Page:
Samy Gemayel

Samy Gemayel

If the U.S. and international community do not intervene, Christians may be driven out of the Middle Eastern Arab countries within two years, warned Lebanese parliamentarian Samy Gemayel during a radio interview Sunday.

Gemayel, a senior member of the Phalange Party, descends from a historic Lebanese Christian family.

His father, Amin, was the country’s president, while his brother, Pierre, was a member of parliament and a government minister before his assassination Nov. 21, 2006. Samy Gemayel’s uncle, former president-elect Bashir Gemayel, also was assassinated.

Speaking on “Aaron Klein Investigative Radio,” broadcast on New York’s AM 970 The Answer and Philadelphia’s NewsTalk 990, Gemayel warned Christians and moderate Muslims are victims of two extremist forces fighting each other.

He stated: “Today all the moderates in the region are taken between two big extremists powers. On one side you have ISIS and on the other side you have the Islamic state of Iran.

“So you have two Islamic states with two very extremist ideologies fighting against each other. And the moderates are stuck in a sandwich between these two powers.”

Amid widespread reports of Christian persecution at the hands of Islamic extremists, Gemayel complained regional Christian leaders and minority communities are not receiving enough support from the U.S. and international community.

“Unfortunately the Christians are paying the price all over the region and that’s why we have been calling for the international community to do something about the Christians all over the region,” he said. “That means support. And they are left alone.”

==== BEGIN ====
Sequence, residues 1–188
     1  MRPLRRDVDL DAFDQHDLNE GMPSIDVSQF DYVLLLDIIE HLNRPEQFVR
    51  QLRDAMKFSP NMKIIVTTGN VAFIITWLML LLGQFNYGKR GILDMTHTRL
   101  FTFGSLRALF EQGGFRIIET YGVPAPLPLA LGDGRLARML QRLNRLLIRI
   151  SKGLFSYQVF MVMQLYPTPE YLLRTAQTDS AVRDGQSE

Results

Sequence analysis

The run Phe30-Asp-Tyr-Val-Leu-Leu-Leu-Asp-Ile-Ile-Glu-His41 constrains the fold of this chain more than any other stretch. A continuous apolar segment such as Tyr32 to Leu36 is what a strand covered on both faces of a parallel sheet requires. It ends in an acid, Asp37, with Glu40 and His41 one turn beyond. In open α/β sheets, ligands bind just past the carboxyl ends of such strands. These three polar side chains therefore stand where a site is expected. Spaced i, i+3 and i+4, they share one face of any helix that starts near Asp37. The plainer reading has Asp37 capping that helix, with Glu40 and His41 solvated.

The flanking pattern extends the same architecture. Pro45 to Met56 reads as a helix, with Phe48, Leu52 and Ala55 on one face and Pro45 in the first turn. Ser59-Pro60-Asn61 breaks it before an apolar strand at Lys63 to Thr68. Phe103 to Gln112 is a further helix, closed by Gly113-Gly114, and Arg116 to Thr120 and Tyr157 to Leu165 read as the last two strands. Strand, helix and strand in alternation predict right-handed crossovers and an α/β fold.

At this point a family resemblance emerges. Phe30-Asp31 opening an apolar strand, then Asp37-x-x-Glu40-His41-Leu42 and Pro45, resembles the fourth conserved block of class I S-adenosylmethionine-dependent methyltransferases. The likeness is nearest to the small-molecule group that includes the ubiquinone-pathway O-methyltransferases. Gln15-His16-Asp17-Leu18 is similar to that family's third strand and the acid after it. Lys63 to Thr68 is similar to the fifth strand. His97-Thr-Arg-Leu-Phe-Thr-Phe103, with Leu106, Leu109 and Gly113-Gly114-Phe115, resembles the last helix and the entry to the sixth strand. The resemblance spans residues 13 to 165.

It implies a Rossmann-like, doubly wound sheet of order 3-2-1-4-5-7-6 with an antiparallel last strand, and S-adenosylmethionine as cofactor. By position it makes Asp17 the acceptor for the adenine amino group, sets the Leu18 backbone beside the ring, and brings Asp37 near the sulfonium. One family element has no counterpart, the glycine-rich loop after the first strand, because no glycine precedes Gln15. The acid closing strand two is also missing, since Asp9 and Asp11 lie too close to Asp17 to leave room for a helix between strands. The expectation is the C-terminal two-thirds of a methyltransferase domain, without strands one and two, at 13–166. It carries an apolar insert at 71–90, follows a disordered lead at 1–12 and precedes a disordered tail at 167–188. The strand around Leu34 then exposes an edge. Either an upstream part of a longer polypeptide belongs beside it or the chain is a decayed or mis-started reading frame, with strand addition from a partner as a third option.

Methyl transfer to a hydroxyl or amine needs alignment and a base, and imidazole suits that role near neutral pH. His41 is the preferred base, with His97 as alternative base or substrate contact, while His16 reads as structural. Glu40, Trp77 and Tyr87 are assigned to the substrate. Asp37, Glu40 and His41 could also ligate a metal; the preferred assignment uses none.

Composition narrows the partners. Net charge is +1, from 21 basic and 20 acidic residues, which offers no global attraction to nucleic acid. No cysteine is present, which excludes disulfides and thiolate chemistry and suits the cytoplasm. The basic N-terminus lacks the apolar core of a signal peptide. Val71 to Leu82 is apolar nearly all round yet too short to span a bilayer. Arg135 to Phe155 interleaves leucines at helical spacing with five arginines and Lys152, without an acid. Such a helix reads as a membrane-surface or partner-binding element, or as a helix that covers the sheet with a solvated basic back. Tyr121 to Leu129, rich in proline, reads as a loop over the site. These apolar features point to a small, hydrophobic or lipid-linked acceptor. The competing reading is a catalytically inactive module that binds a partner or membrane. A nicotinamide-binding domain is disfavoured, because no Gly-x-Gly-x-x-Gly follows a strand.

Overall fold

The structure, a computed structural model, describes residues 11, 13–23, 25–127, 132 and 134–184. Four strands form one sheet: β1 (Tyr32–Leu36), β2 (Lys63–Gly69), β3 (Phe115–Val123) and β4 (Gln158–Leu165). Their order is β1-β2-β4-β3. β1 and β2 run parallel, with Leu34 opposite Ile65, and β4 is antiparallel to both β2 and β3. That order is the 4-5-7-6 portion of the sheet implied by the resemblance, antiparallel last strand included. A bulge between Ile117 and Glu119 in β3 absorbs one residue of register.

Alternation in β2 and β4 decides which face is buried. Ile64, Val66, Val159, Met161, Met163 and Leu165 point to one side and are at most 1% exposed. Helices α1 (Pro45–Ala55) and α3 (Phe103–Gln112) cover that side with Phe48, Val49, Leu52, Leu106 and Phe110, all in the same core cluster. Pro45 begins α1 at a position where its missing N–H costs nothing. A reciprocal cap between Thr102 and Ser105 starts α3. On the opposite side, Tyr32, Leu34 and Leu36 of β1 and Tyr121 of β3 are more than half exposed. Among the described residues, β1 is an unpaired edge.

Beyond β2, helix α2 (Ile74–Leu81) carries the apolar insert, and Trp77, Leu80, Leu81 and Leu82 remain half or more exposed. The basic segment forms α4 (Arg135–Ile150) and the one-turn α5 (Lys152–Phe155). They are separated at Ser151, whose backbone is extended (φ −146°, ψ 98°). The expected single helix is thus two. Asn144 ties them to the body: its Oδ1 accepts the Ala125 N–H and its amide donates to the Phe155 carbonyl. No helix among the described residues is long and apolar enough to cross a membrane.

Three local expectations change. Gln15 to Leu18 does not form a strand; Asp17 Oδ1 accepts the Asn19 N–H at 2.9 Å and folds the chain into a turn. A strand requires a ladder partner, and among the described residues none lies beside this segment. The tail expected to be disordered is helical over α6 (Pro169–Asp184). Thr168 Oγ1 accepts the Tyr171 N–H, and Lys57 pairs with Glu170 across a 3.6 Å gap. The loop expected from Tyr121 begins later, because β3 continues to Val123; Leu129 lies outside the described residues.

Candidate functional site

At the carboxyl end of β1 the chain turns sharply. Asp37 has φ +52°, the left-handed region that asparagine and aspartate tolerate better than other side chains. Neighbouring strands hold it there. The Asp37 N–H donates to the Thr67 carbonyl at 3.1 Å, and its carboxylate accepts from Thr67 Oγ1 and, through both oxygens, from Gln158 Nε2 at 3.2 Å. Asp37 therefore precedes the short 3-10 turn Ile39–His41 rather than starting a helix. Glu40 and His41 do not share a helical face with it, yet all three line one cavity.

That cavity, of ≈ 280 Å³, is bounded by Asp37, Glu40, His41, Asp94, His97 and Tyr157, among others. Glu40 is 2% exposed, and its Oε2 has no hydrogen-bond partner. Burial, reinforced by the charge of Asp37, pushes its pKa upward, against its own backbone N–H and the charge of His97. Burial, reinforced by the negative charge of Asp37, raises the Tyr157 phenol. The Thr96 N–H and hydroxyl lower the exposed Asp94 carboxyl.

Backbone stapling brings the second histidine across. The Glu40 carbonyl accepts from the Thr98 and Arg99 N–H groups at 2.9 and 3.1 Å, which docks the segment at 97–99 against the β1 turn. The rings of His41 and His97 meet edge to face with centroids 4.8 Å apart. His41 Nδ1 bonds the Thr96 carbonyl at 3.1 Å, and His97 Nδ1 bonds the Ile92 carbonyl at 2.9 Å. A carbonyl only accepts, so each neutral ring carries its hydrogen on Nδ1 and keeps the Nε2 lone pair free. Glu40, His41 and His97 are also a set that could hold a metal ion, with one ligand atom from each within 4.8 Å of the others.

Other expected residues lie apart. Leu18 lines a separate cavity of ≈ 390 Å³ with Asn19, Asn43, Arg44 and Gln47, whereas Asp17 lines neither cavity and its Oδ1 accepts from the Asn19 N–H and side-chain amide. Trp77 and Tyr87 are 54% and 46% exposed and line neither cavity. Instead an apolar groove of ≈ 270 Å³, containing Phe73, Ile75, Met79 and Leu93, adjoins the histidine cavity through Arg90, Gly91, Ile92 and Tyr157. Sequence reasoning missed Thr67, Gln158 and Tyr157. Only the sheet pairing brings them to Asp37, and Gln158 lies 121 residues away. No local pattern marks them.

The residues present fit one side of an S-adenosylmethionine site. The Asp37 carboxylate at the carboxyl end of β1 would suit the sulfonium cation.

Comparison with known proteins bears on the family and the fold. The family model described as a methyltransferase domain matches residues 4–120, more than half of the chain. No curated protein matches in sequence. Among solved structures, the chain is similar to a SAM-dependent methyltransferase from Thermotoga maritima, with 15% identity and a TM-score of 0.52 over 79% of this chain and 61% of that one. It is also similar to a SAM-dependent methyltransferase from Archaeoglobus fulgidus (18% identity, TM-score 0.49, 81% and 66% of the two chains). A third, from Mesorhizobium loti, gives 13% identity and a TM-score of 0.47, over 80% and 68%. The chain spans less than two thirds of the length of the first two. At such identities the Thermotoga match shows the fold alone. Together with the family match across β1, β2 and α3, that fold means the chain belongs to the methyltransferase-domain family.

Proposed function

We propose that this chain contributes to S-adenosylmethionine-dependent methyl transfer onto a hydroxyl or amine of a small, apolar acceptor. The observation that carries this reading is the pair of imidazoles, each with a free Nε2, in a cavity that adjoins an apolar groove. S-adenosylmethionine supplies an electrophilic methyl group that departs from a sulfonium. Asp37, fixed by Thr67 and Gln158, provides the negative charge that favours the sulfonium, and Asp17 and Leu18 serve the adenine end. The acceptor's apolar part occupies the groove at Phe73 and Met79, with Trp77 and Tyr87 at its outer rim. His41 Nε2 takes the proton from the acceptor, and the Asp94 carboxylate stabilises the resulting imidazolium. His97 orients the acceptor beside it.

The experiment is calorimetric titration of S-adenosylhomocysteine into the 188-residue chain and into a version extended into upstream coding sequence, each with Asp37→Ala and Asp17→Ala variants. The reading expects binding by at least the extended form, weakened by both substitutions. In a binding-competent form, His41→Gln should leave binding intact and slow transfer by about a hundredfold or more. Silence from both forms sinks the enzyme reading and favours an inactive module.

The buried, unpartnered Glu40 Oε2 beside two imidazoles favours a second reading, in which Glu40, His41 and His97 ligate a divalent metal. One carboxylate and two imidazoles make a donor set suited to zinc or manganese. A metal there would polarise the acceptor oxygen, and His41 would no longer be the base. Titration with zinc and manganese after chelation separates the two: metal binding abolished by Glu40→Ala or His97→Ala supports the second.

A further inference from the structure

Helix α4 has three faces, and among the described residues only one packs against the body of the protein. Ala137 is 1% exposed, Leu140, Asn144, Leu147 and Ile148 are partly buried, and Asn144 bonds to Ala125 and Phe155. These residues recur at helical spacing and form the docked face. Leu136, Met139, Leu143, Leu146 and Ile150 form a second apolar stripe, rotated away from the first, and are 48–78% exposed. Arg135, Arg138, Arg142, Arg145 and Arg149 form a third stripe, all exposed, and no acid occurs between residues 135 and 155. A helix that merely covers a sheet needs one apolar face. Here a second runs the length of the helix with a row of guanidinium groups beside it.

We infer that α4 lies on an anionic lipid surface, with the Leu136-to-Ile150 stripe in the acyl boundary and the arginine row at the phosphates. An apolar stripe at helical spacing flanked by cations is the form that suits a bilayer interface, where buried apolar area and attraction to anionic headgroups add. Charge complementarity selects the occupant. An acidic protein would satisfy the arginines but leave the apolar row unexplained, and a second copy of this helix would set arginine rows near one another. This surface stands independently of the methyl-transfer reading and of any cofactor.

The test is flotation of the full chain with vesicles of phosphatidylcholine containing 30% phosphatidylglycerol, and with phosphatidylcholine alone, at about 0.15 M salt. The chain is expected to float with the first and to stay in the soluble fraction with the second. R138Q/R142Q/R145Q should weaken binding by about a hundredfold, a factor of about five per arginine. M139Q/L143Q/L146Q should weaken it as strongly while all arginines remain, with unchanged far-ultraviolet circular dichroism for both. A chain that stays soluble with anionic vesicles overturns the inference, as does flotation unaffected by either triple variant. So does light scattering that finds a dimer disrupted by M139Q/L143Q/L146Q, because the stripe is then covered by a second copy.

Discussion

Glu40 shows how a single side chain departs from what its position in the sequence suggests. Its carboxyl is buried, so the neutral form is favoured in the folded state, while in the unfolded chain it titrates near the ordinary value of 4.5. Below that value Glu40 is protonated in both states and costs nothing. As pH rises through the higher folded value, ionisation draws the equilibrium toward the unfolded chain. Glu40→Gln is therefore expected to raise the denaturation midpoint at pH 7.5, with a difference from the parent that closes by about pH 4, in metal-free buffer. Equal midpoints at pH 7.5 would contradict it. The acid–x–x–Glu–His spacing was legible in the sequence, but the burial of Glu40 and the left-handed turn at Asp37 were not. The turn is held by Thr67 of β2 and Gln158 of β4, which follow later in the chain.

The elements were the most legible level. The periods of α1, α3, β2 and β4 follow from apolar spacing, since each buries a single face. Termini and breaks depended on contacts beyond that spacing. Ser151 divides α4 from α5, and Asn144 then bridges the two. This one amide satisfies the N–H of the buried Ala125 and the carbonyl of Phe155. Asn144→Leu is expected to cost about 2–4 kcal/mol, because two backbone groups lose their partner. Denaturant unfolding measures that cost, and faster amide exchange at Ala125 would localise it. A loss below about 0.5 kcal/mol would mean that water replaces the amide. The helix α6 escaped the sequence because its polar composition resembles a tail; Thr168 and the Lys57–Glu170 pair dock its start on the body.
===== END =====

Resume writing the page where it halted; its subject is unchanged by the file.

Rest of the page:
He warned that “maybe in two years you will not have Christians in the region anymore except in Lebanon because we are strong and we are still defending ourselves.”

Gemayel told Klein that while he has been disappointed by the lack of Western support, he sees some positive developments in the military alliance of Sunni states such as Saudi Arabia, Egypt and Jordan. Sunni Arab countries have banded together to confront Irainan-backed Shiite rebels in Yemen.

“These moderate Sunnis are fighting fellow Sunnis,” Gemayel proclaimed. “The alliance today of KSA and the Arab emirates is targeting the Sunni extremists. This is Sunni moderates fighting Sunni extremists.”

“I believe this is a very good message that is sent by the Sunni world, saying that we don’t want extremism in our world.”

Gemayel said the U.S. is backing the wrong side in its sweeping negotiations with Iran.

“Unfortunately, I believe the dialogue with Iran is sending the wrong message,” he told Klein.

The Sunni regimes, in turn, are “sending a very clear signal to the Unites States saying that you have to be careful not to jump over all the Sunnis of the region,” Gemayel stated.

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